Jun 04 2018

The appeal of Turkey’s Erdoğan enhanced by anti-Western stance

Turkish President Recep Tayyip Erdoğan’s enduring appeal to voters owes something to his achievements in the first years of AKP power, but is bolstered by Turkey’s increasingly anti-Western outlook, wrote editorial associate Fergus McKeown in the website Market Mogul.

When Erdoğan’s Justice and Development Party (AKP) first came to power in 2002, Turkey was in dire economic straits. But the new government managed to turn things around, with the economy growing by around 6 percent each year. More recently, though, these achievements risk being overshadowed as the economy falters once more.

Even so, Erdoğan “looks set to be returned for a second term as president. Goodwill in politics can only get one so far, and whatever reservoirs Erdoğan has built up, there are other factors at play which will help him win,” McKeown wrote.

Amongst those factors was the fallout from July 2016’s coups attempt, following which, “nearly every aspect of civil society that may have been anti-Erdoğan was decimated. Negative coverage of the regime within the country has effectively been silenced as journalists live in fear of imprisonment.”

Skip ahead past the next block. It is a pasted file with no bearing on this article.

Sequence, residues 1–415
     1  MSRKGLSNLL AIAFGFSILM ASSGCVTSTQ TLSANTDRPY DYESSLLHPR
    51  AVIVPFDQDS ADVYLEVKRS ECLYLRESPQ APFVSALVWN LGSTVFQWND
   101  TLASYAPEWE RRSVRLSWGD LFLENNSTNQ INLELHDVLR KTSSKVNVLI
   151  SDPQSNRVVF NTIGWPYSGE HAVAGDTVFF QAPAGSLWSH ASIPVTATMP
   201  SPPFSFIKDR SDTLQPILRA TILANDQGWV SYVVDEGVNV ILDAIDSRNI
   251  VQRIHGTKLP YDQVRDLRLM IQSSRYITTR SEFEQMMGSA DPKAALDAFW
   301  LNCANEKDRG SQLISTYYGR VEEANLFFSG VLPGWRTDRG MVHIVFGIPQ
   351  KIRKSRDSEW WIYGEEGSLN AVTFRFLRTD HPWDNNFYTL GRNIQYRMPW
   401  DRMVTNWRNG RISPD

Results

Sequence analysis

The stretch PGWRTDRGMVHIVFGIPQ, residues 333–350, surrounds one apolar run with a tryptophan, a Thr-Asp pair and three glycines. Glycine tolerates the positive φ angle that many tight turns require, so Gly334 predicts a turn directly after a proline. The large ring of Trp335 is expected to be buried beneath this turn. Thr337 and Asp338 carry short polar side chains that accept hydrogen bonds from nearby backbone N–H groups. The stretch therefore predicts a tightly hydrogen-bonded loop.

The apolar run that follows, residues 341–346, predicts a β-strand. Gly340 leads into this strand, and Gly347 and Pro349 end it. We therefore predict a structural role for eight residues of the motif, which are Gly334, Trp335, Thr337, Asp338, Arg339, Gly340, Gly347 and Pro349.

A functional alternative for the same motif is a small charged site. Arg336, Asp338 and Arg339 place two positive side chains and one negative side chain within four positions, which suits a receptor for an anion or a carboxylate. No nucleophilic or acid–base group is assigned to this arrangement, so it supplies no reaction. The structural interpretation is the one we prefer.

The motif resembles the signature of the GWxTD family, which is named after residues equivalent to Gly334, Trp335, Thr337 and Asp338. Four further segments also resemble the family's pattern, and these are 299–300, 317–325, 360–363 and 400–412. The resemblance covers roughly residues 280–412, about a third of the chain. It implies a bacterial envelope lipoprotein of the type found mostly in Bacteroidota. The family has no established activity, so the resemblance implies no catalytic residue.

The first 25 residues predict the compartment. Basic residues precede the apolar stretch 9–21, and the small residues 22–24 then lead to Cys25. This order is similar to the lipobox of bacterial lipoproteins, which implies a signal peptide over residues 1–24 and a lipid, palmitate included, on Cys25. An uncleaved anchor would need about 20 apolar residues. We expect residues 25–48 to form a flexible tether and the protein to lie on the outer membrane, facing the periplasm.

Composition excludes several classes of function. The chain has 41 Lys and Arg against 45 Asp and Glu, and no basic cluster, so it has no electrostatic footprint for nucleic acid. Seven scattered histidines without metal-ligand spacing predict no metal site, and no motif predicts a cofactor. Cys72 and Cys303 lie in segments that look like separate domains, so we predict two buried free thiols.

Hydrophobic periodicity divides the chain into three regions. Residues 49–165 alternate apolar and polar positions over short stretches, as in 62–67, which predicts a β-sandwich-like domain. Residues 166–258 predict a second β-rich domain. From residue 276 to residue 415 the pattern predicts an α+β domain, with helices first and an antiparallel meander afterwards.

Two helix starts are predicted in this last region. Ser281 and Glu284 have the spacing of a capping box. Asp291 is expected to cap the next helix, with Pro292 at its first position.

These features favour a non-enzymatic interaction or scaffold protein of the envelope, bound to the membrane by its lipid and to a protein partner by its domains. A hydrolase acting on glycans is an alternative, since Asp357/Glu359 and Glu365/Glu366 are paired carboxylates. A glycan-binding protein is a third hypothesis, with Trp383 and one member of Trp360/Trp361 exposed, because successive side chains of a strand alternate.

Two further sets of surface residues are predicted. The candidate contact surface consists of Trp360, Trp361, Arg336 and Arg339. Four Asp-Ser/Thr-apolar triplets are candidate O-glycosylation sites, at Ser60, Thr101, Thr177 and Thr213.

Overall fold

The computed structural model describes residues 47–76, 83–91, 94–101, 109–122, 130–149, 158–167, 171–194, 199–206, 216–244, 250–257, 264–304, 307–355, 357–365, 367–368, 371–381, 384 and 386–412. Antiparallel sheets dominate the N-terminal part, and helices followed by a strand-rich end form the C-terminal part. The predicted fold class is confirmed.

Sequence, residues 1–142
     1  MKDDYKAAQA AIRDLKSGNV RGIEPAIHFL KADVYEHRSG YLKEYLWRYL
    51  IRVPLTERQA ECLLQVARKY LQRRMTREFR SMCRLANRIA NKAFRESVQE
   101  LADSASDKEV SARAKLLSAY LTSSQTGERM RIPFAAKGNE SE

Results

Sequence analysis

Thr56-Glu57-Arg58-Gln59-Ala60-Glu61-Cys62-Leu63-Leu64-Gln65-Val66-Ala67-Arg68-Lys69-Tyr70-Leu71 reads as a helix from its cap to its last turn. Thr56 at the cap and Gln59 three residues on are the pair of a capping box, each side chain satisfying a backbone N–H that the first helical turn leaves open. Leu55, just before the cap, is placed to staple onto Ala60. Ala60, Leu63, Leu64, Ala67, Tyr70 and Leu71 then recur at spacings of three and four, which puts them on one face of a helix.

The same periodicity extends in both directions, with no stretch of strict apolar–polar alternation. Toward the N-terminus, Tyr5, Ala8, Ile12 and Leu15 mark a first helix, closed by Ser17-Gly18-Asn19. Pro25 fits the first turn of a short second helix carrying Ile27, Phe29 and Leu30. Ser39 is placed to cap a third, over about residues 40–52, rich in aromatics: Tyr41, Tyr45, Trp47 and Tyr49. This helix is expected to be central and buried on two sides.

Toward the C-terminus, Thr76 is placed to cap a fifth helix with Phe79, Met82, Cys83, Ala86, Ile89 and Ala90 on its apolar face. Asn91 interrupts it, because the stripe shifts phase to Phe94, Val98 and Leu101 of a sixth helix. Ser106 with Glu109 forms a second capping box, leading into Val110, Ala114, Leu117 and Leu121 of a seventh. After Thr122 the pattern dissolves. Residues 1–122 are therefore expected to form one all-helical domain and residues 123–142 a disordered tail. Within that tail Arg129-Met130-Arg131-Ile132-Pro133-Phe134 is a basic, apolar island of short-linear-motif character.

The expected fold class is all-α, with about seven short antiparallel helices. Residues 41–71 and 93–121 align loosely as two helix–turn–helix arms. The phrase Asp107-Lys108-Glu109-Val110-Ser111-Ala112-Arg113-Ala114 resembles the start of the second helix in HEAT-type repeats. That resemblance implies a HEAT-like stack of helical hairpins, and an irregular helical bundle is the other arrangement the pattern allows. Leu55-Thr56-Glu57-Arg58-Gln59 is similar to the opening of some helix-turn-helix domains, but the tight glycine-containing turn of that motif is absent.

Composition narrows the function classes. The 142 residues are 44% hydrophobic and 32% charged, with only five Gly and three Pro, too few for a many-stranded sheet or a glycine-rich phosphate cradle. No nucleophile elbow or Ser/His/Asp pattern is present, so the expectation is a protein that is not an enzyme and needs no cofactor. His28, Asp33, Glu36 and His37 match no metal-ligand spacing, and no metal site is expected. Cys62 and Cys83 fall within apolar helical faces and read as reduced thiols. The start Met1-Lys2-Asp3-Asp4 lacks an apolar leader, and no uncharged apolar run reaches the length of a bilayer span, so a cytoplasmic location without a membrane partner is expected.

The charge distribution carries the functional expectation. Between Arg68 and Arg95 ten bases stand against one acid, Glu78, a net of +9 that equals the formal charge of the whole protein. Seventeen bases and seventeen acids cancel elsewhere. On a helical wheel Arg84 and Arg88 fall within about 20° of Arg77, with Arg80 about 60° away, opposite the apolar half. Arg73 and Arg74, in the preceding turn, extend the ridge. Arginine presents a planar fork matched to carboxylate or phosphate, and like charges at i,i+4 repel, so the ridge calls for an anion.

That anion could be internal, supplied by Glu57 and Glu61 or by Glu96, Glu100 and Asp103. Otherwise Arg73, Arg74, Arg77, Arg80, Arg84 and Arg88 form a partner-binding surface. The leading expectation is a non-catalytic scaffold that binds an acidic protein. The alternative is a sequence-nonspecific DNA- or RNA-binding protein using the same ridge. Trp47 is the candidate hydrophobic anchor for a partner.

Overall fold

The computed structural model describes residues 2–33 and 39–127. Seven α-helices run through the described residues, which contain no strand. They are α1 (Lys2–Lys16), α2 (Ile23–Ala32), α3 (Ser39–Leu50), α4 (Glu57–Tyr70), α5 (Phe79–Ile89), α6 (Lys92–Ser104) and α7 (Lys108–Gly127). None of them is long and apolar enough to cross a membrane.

Turkey’s increasing rejection of the West since 2013 has also played a role, suggested McKeown. The rise and fall of Egyptian President Mohamed Morsi, who swept to power in 2012 and was seen as a key Middle Eastern ally of Turkey only to be deposed a year after his inauguration, paved the way for Erdoğan’s growing distaste for the West.

Events in Syria then served to exacerbate divisions with the West, with Turkey drawing criticism for allowing Islamist fighters to enter Syria through Turkey and Western support for Syrian Kurdish groups closely allied to the outlawed Kurdistan Workers’ Party (PKK) which has waged a decades long armed struggle against the Turkish state.

“Erdoğan, as a result, has been able to paint himself as a strong, independent, Muslim statesman, standing up to global and secular pressure that is firmly set against Turkish interests. It is a portrait that is believed by many within Turkey.”

Whilst Erdoğan is not assured of victory in the June 24 elections, if he does win “it will likely mean a further distance from the West, further political repression and further authoritarianism. It remains to be seen if he has managed to portray himself enough as the right, the only, choice for Turkey.”